In 2009, he recorded 62 tackles, 13.5 sacks, and 1 forced fumble. He was named to his first Pro Bowl for his outstanding performance. He is a member of the Air Jordan brand.
In 2010, Woodley had 50 tackles, 10.0 sacks, an interception (which he ran back for a touchdown), two pass deflections, three forced fumbles and two fumble recoveries.
During the 2011 season, Woodley missed six games with a hamstring injury and accordingly only recorded 39 tackles and 9.0 sacks. However, during the four game period when James Harrison (his OLB partner and Steelers primary pass rusher) was injured, Woodley moved into Harrison's role and greatly improved his performance, recording 7.5 sacks during those four games. He was voted 63rd best player of the 2011 season by NFL players.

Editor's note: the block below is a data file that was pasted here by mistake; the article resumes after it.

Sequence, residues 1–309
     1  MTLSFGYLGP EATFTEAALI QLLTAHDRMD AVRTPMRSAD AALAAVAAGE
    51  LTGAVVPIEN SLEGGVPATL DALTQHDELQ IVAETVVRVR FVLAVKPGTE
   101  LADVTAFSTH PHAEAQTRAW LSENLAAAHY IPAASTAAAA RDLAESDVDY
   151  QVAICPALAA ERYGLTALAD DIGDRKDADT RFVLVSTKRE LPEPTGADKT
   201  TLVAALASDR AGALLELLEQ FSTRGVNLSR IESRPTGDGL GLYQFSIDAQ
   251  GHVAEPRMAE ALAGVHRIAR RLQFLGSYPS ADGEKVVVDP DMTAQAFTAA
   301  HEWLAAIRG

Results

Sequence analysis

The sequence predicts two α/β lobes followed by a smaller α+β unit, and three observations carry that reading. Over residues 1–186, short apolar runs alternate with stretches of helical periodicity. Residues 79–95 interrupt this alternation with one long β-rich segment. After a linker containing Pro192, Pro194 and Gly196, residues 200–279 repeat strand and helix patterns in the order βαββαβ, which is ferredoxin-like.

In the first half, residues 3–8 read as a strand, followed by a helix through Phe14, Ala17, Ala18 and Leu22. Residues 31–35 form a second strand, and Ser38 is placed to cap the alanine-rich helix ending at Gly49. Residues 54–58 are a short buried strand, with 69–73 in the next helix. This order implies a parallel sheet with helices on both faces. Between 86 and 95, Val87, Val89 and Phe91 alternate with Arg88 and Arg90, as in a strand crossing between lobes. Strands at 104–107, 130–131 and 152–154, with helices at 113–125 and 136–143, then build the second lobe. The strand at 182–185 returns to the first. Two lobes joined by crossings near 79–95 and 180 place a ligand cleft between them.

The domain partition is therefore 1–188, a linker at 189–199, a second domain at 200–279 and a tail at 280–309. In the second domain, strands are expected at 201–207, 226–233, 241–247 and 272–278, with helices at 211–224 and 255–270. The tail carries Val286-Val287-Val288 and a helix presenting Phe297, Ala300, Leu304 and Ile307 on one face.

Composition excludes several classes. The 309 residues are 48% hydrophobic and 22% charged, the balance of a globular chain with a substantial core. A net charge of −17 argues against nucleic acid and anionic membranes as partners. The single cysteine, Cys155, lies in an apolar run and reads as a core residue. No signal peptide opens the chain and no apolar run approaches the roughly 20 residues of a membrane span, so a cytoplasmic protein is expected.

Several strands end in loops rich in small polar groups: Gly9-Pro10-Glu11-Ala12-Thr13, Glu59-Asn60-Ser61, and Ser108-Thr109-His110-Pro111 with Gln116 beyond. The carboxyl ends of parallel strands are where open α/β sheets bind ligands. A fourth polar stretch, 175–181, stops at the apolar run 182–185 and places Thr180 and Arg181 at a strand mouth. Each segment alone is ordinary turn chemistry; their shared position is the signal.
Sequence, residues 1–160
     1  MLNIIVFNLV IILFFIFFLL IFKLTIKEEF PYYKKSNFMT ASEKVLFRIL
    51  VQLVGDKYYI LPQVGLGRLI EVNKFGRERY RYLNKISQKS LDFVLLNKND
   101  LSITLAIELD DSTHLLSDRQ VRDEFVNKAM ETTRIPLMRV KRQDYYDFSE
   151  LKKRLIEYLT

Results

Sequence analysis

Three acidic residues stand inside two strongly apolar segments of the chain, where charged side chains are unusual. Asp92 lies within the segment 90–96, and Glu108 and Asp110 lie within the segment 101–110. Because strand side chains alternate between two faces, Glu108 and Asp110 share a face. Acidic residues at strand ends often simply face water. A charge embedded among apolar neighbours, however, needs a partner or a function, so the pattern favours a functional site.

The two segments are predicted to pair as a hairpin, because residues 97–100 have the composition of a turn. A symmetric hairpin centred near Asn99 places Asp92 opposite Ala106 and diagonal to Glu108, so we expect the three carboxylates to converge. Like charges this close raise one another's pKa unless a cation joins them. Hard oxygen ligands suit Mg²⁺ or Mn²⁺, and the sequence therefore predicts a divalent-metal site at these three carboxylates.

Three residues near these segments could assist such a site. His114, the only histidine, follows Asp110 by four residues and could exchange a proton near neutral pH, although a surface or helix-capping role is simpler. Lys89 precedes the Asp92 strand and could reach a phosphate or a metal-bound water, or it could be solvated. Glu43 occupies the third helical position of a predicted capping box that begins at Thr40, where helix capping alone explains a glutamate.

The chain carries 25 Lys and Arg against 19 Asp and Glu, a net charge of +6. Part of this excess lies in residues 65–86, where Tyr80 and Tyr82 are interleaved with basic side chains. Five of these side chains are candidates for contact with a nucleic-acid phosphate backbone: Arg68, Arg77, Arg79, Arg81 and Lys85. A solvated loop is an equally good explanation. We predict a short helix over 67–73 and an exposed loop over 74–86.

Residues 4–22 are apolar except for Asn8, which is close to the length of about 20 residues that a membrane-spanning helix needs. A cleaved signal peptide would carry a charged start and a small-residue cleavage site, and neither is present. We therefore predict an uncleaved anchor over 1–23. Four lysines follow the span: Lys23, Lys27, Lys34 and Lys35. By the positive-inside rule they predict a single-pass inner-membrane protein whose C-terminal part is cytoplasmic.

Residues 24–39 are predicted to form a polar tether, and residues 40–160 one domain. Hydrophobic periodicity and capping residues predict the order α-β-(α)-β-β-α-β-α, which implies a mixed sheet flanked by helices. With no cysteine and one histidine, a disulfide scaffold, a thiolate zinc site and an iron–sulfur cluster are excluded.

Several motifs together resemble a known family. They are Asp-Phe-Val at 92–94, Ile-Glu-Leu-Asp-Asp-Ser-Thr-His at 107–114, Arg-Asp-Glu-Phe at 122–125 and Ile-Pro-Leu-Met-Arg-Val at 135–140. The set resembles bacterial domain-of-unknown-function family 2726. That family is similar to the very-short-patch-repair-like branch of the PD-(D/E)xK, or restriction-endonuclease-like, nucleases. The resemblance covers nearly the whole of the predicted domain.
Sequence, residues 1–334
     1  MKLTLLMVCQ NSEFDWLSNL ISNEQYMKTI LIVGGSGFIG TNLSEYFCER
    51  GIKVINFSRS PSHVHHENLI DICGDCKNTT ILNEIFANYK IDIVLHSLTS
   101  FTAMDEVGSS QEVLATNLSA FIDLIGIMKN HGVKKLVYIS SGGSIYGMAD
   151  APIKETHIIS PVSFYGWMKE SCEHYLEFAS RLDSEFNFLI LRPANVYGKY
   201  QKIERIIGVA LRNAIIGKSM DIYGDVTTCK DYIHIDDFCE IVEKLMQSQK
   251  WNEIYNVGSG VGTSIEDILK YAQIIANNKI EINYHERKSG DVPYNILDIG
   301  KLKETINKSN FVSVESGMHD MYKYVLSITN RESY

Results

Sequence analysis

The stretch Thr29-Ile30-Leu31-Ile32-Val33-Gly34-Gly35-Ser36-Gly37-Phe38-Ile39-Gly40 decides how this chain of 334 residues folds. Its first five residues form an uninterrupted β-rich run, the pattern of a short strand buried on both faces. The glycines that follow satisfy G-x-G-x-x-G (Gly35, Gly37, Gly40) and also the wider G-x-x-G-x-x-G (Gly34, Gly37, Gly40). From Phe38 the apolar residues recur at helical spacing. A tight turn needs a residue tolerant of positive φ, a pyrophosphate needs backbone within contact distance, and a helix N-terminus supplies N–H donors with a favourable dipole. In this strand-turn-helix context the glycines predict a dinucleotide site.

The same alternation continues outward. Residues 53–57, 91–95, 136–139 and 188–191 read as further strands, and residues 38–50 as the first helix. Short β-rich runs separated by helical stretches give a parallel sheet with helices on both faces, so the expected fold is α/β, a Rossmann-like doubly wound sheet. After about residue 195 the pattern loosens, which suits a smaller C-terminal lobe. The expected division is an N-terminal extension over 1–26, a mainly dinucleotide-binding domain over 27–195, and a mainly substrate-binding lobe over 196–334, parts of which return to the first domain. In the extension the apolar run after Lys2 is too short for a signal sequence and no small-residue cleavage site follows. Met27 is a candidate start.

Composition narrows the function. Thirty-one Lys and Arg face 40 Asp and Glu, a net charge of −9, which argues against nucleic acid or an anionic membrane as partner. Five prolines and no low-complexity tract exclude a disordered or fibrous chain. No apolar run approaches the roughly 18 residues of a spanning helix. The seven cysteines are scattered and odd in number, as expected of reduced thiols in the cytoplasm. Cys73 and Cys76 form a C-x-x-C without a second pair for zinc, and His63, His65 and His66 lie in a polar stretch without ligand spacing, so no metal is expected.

On December 15, 2013 the Pittsburgh Steelers placed Lamar Woodley on the season ending IR due to a calf injury. At the time, he had 5 sacks, and 36 tackles in 11 games played in the season.
Woodley was released on March 11, 2014.
|Year||Team||Games||Combined Tackles||Tackles||Assisted Tackles||Sacks||Forced Fumbles||Fumble Recoveries||Fumble Return Yards||Interceptions||Interception Return Yards||Yards per Interception Return||Longest Interception Return||Interceptions Returned for Touchdown||Passes Defended|